Salvador Allende

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Happiness is a matter of one's most ordinary everyday mode of consciousness being busy and lively and unconcerned with self. To be damned is for one's ordinary everyday mode of consciousness to be unremitting agonizing preoccupation with self.
Iris Murdoch
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Salvador Isabelino del Sagrado Corazón de Jesús Allende Gossens (26 June 1908 - 11 September 1973) was a Chilean politician and member of the Socialist Party, and President of Chile from November 1970 up until his death during the 1973 coup.

By Salvador Allende

  • "The answer is the proletariat. If it wasn't so I wouldn't be here [...] As for the bourgeois state, at the present moment, we are seeking to overcome it. To overthrow it. [...] Our objective is total, scientific, Marxist socialism" — In an interview with French Journalist Regis Debray in 1970.
  • (Attributed) "I am not the president of all the Chileans. I am not a hypocrite that says so." — At a public rally, quoted by all Chilean newspapers, January 17, 1971. President Allende sent a public letter to El Mercurio newspaper to deny this alleged statement.
  • "¡Viva Chile! ¡Viva el pueblo! ¡Vivan los trabajadores!" ("Long live Chile! Long live the people! Long live the workers!") — last known words (in a radio broadcast on the morning of September 11, 1973)
  • "I have been to Cuba many times. I have spoken many times with Fidel Castro and got to know Ernesto Guevara fairly well. I know of Cuba's struggle and its leaders. But the situation in Cuba is very different from that in Chile. Cuba came from a dictatorship; I arrived at the presidency after being senator for 25 years".[1] From the same interview: "I have some experience and I am putting it to use in a Chilean way, for the problems of Chile. ... We are not here to colonize anybody's minds."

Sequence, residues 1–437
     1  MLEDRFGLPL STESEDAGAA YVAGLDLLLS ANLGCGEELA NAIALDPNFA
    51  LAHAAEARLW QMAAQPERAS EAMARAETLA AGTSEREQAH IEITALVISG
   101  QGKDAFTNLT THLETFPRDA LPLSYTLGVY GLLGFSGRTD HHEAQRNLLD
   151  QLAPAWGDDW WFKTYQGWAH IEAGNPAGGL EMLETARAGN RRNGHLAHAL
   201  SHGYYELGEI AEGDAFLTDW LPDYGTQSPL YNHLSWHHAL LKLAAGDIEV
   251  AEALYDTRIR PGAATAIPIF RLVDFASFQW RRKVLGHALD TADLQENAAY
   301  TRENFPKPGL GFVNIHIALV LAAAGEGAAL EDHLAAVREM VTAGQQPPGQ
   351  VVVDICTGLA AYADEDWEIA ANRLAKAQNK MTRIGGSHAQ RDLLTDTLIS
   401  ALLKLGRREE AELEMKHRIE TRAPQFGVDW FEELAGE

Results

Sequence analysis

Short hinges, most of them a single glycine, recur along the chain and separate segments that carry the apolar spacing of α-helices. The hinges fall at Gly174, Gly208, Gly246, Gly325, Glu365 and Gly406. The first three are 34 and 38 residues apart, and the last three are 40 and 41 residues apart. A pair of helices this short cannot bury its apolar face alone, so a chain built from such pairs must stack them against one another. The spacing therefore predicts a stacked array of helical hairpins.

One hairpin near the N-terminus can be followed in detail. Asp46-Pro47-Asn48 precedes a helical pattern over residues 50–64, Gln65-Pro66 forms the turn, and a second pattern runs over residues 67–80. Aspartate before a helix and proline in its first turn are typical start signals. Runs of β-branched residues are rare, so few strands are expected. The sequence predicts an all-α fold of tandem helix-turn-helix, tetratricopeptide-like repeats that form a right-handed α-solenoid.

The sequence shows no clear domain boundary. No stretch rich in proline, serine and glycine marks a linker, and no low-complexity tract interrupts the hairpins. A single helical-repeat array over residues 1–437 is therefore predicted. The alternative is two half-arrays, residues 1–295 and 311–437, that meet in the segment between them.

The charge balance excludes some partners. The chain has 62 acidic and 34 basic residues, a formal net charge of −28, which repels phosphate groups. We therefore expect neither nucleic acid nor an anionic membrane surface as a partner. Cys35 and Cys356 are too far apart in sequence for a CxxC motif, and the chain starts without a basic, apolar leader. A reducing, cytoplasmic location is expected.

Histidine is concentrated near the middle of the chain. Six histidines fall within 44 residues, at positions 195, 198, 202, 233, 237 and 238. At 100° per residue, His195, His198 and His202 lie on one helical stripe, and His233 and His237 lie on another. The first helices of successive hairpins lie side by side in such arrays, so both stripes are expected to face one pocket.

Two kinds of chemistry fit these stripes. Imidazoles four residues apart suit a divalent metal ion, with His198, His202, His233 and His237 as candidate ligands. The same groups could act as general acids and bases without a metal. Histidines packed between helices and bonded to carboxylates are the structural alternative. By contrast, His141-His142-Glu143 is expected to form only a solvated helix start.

About Salvador Allende

  • "Allende is seeking the totality of power, which means Communist tyranny disguised as the dictatorship of the proletariat." — Statement from the National Assembly of the Chilean Christian Democratic party, May 15, 1973.
  • "Of all of the leaders in the region, we considered Allende the most inimical to our interests. He was vocally pro-Castro and opposed to the United States. His internal policies were a threat to Chilean democratic liberties and human rights."Henry Kissinger, Years of Renewal.
  • "The Popular Unity government represented the first attempt anywhere to build a genuinely democratic transition to socialism — a socialism that, owing to its origins, might be guided not by authoritarian bureaucracy, but by democratic self-rule."North American Congress on Latin America (NACLA) editorial, July 2003.


  • "This is an instrument in the hands of the people for fighting the fascist saboteurs, because the Chilean armed forces are a guarantee of constitutionality and integrity." [2]